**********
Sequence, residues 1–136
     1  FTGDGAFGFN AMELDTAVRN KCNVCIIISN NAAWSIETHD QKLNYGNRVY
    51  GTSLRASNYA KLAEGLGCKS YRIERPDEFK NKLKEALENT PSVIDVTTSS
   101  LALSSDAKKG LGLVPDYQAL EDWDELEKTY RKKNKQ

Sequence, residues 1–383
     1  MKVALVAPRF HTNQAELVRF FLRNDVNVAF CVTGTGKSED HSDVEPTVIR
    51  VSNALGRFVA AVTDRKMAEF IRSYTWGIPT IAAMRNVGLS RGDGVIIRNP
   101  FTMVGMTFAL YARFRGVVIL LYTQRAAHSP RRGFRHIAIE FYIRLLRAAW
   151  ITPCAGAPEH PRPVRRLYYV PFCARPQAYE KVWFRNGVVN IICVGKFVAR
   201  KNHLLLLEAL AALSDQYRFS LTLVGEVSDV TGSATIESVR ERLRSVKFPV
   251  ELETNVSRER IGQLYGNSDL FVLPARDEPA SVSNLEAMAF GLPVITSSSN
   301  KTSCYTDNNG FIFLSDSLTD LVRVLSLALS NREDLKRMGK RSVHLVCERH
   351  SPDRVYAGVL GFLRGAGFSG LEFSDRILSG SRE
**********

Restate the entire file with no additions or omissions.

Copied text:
Sequence, residues 1–136
     1  FTGDGAFGFN AMELDTAVRN KCNVCIIISN NAAWSIETHD QKLNYGNRVY
    51  GTSLRASNYA KLAEGLGCKS YRIERPDEFK NKLKEALENT PSVIDVTTSS
   101  LALSSDAKKG LGLVPDYQAL EDWDELEKTY RKKNKQ

Sequence, residues 1–383
     1  MKVALVAPRF HTNQAELVRF FLRNDVNVAF CVTGTGKSED HSDVEPTVIR
    51  VSNALGRFVA AVTDRKMAEF IRSYTWGIPT IAAMRNVGLS RGDGVIIRNP
   101  FTMVGMTFAL YARFRGVVIL LYTQRAAHSP RRGFRHIAIE FYIRLLRAAW
   151  ITPCAGAPEH PRPVRRLYYV PFCARPQAYE KVWFRNGVVN IICVGKFVAR
   201  KNHLLLLEAL AALSDQYRFS LTLVGEVSDV TGSATIESVR ERLRSVKFPV
   251  ELETNVSRER IGQLYGNSDL FVLPARDEPA SVSNLEAMAF GLPVITSSSN
   301  KTSCYTDNNG FIFLSDSLTD LVRVLSLALS NREDLKRMGK RSVHLVCERH
   351  SPDRVYAGVL GFLRGAGFSG LEFSDRILSG SRE